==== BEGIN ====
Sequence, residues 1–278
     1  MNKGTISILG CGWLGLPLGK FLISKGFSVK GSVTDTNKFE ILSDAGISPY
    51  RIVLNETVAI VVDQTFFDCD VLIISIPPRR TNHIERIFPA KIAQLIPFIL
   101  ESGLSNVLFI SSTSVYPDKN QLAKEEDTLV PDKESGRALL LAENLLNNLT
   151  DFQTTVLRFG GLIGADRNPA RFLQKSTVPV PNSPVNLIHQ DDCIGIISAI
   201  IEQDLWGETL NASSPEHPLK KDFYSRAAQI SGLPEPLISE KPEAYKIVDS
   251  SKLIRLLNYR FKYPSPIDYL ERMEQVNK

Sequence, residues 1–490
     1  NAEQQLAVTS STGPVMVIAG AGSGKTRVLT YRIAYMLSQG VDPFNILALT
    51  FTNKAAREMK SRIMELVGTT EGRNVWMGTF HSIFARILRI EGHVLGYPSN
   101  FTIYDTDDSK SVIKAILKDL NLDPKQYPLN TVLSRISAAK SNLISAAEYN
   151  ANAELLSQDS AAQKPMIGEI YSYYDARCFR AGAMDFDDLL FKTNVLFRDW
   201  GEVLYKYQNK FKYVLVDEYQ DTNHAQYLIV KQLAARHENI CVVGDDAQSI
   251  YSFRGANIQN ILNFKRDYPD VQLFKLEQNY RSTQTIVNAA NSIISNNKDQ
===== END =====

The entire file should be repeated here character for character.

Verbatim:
Sequence, residues 1–278
     1  MNKGTISILG CGWLGLPLGK FLISKGFSVK GSVTDTNKFE ILSDAGISPY
    51  RIVLNETVAI VVDQTFFDCD VLIISIPPRR TNHIERIFPA KIAQLIPFIL
   101  ESGLSNVLFI SSTSVYPDKN QLAKEEDTLV PDKESGRALL LAENLLNNLT
   151  DFQTTVLRFG GLIGADRNPA RFLQKSTVPV PNSPVNLIHQ DDCIGIISAI
   201  IEQDLWGETL NASSPEHPLK KDFYSRAAQI SGLPEPLISE KPEAYKIVDS
   251  SKLIRLLNYR FKYPSPIDYL ERMEQVNK

Sequence, residues 1–490
     1  NAEQQLAVTS STGPVMVIAG AGSGKTRVLT YRIAYMLSQG VDPFNILALT
    51  FTNKAAREMK SRIMELVGTT EGRNVWMGTF HSIFARILRI EGHVLGYPSN
   101  FTIYDTDDSK SVIKAILKDL NLDPKQYPLN TVLSRISAAK SNLISAAEYN
   151  ANAELLSQDS AAQKPMIGEI YSYYDARCFR AGAMDFDDLL FKTNVLFRDW
   201  GEVLYKYQNK FKYVLVDEYQ DTNHAQYLIV KQLAARHENI CVVGDDAQSI
   251  YSFRGANIQN ILNFKRDYPD VQLFKLEQNY RSTQTIVNAA NSIISNNKDQ